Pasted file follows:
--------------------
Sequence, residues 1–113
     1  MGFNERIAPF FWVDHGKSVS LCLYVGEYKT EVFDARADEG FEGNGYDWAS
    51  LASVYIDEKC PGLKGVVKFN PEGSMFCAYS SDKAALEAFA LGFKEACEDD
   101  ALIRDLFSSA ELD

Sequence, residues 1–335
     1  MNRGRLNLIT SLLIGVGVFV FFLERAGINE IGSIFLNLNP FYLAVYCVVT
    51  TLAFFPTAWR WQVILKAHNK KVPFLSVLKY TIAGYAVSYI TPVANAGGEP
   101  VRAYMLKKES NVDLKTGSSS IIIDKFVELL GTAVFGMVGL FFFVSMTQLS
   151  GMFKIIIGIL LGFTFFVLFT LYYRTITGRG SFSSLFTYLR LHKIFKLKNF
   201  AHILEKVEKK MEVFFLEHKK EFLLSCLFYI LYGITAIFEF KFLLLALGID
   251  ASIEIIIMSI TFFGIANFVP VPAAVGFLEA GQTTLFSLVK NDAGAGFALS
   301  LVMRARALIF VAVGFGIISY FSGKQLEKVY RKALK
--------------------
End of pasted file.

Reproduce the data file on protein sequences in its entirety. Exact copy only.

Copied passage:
Sequence, residues 1–113
     1  MGFNERIAPF FWVDHGKSVS LCLYVGEYKT EVFDARADEG FEGNGYDWAS
    51  LASVYIDEKC PGLKGVVKFN PEGSMFCAYS SDKAALEAFA LGFKEACEDD
   101  ALIRDLFSSA ELD

Sequence, residues 1–335
     1  MNRGRLNLIT SLLIGVGVFV FFLERAGINE IGSIFLNLNP FYLAVYCVVT
    51  TLAFFPTAWR WQVILKAHNK KVPFLSVLKY TIAGYAVSYI TPVANAGGEP
   101  VRAYMLKKES NVDLKTGSSS IIIDKFVELL GTAVFGMVGL FFFVSMTQLS
   151  GMFKIIIGIL LGFTFFVLFT LYYRTITGRG SFSSLFTYLR LHKIFKLKNF
   201  AHILEKVEKK MEVFFLEHKK EFLLSCLFYI LYGITAIFEF KFLLLALGID
   251  ASIEIIIMSI TFFGIANFVP VPAAVGFLEA GQTTLFSLVK NDAGAGFALS
   301  LVMRARALIF VAVGFGIISY FSGKQLEKVY RKALK